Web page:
When the tricks of the trade don’t work
To many of our readers, I imagine that seemed obvious. Yes, we might forget it sometimes, and accidentally start working backwards from the problem, but it’s no news that we think Scripture is (the revelation given to us by) our supreme authority.
So how do you debate with a believer for whom that is not a given?
Phil Moore recently faced just such a challenge on the Premier Radio programme Unbelievable, when he debated Natalie Collins on issues surrounding #MeToo and gender theology.
Phil had come across Natalie through last year’s THINK conference, and had seen from an article she wrote about it afterwards that she was coming from a very different perspective than him. So step one was to find some common ground. They could both agree that women often suffer abuse at the hands of men. Beyond identifying the manifestation of the problem (abuse), however, they seemed unable to progress.
I say that is the manifestation of the problem because in order to abuse someone you have to hold a whole set of assumptions about who you are, who they are, how the world is, what is right and what is wrong. To Natalie, as far as I can understand it from the interview, it seems that she believes that anyone who abuses women must believe in male headship as defined by [Phil’s/the complementarian interpretation of] scripture. And that anyone who doesn’t abuse women is not exercising this headship. (I’m getting this from the part where she talks about her husband – “the good one” – calling to ask if it’s OK for him to go out for drinks after work with his friends one night. To her, that was clear evidence that he does not consider himself the head of the household, because why would the head be considerate of the rest of the body?)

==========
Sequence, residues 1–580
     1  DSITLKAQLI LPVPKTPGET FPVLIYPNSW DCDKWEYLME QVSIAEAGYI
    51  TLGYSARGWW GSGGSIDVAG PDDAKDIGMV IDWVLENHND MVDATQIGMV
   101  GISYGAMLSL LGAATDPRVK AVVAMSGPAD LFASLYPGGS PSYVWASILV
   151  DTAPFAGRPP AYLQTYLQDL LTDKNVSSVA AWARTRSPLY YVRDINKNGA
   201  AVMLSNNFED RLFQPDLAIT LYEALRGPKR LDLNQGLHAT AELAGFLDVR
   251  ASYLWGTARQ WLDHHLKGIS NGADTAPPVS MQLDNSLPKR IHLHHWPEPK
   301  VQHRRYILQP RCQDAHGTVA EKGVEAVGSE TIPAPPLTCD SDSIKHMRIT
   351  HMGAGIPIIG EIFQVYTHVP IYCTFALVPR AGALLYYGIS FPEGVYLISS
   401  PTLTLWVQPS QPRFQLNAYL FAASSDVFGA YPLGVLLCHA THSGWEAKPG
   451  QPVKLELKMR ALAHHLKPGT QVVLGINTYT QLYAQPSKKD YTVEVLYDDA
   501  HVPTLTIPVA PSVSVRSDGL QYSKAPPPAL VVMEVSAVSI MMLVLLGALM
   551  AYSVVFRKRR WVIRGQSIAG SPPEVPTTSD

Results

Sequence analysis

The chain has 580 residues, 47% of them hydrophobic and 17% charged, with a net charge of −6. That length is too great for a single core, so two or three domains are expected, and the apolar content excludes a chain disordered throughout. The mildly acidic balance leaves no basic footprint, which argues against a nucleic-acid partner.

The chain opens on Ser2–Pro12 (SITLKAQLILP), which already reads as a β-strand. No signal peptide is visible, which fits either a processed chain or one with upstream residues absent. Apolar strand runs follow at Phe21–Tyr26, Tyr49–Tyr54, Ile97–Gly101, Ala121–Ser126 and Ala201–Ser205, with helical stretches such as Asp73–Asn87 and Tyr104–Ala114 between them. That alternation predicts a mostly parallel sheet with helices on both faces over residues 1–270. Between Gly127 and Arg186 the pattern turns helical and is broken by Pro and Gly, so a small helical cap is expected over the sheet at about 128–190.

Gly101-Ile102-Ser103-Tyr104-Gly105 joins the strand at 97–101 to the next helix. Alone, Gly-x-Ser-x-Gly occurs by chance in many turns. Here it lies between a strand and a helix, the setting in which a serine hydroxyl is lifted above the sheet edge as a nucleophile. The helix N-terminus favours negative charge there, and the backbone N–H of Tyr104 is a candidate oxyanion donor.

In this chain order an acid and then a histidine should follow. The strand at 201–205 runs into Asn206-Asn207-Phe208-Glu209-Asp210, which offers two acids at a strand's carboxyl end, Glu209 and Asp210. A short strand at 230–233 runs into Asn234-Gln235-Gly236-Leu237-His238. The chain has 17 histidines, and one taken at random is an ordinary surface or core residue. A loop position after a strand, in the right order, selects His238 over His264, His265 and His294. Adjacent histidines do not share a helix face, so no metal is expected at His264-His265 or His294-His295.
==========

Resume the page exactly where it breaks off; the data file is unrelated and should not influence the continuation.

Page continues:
So Natalie’s diagnosis of the problem behind the negative outcome is wildly different from Phil’s, and for her, scripture is part of the problem, at least to the extent that scripture is always interpreted by humans, and humans are the problem, therefore we can’t trust their appeals to scripture. So how do you debate with someone to whom the bath itself is a problem, let alone the baby and the bathwater?
Phil made a valiant effort and was, of course, gracious, kind and generous throughout. Yet in the end it was a ‘debate’ between two people on opposite sides of a vast brick wall, built in a canyon, surrounded by a raging river, trying their best to communicate via the Bing translation tool. As an exercise in disagreeing well, it was a masterclass, and it served well to advertise Natalie’s forthcoming conference. Beyond that, it’s perhaps a useful training tool in helping you think through how you would answer objections when ‘What does the text say?’ is a complete non-starter.